Of course, instead of fixing this fundamental conflict of interest, we added more regulations in an attempt to prevent those things from happening, but in order to off-set the cost this would force the insurance companies to incur, which would then be passed along to consumers, we had to expand the market by forcing people to buy insurance. Otherwise consumers could game the system by waiting until they got sick to purchase insurance. And of course, we know that this is essentially the scheme you set up when you were governor of Massachusetts, and it has actually worked pretty well, though for some reason you say it's not the right solution for the entire country, though I've never heard you give a good reason why, or propose a better alternative.
To me, a better alternative would be removing the conflict of interest, and including at least a public option, if not a single payer system. To me, access to affordable health care is one of those unalienable rights, as life, liberty and happiness don't really mean much unless one has their health. And I don't know about you, but I believe we as a country are capable of educating enough doctors, and producing enough medicine and equipment to provide a basic level of healthcare to all Americans. I don't know why I never heard this brought up, but I'd be incentivizing more of our best and brightest to become the kind of doctors we need, like general practitioners and gerontologists, and paying off medical school loans for doctors that spend a certain amount of time working in the public system.
But that's enough about healthcare; let's talk about the economy. I'm tired of hearing this bullshit about how Obama has failed us. Sure, there are things he could have done better, but there is more than enough blame to go around here. Housing policies and financial deregulation enacted under Clinton have played a role, no doubt, as have George W. Bush's unfunded tax cuts that disproportionately benefit the wealthy, and two wars that went unpaid for while he was in office. And then of course, there's Congress, with its 9% approval rating. Republicans in Congress have spent more time trying to repeal healthcare and pass anti-abortion measures than they have working on bills that would help get the economy moving. They caused the credit rating of the United States to be downgraded for the first time in history by playing political brinksmanship with the debt ceiling. They have filibustered a record number of bills in the Senate, even routine legislation and non-controversial appointments. They have refused to compromise on tax increases to reduce the deficit, triggering a fiscal cliff, and slowed economic recovery and job growth by not passing a jobs bill, or other sufficient measures to help the economy grow, despite attempts by the White House and the Democrats.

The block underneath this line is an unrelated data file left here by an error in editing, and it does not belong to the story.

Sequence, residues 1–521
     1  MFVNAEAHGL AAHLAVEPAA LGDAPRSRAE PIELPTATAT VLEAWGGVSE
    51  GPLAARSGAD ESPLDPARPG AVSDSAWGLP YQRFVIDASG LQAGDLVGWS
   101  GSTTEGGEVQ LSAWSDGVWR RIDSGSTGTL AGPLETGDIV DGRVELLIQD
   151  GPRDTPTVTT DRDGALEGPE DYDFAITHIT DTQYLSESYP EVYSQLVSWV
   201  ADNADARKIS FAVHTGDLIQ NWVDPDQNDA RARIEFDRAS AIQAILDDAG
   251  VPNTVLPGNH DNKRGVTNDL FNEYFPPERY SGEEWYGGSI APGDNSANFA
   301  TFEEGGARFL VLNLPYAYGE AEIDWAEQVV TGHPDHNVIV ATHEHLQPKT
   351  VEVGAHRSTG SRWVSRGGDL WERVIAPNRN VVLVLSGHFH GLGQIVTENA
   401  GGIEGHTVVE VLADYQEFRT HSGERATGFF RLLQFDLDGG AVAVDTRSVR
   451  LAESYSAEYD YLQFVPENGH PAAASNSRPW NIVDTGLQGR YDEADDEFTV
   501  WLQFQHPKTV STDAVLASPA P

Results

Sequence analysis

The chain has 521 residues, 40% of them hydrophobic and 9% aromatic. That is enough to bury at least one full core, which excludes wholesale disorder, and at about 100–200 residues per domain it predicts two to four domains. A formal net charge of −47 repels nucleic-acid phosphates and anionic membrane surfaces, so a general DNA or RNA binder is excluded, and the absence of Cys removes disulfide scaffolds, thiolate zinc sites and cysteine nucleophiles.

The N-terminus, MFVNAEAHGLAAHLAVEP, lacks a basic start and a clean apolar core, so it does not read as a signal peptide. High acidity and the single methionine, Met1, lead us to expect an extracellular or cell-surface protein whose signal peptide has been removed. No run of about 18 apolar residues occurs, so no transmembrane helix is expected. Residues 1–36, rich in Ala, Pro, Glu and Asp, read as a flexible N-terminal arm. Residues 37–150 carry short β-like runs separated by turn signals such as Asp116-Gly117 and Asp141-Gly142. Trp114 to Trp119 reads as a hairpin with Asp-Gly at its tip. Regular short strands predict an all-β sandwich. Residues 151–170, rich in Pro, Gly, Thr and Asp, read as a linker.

Meanwhile, you would seek to keep the Bush tax cuts, restore the cuts Obama made to Medicare, and sustain Social Security and defense spending while somehow getting government spending under 20% of GDP and balancing the budget? According to the Center on Budget and Policy Priorities this would mean you'd have to cut all other programs — including Medicaid, veterans' benefits, education, environmental protection, transportation, and SSI — by an average of 40 percent in 2016 and 57 percent in 2022.
This does not seem remotely feasible, nor a good idea. It would be a devastating blow to our entire society, especially the poor and elderly who rely on many of these programs, and it would cause even greater social stratification than already exists. And to me, this is the real heart of the issue, so let's talk about what you would do to combat the rising income inequality, which is worse now than it was even during slavery, according to the National Bureau of Economic Research.
So let's talk about that, then let's talk about creating a sustainable energy policy, and an infrastructure for the 21st century, and an educational system that gives all our children the opportunity to show what is best about them, and doesn't leave them drowning in debt. Let's talk about promoting religious tolerance, and freedom and equality and democratic governance, and community and prosperity and happiness. And last but not least, let's talk about what you would propose to do about the undue influence of special moneyed interests over our democracy, and the inherent conflict of interest our public officials face between doing what is right by the people, and doing what will fill their campaign coffers or otherwise personally benefit them.
If your campaign is truly about the 100%, then let's figure out where we can agree, and have honest, constructive policy discussions rather than using divisive and dishonest rhetoric to perpetuate the political polarization that is preventing us from creating a better future.
Thanks for your Concern,
Frank Lee Speaking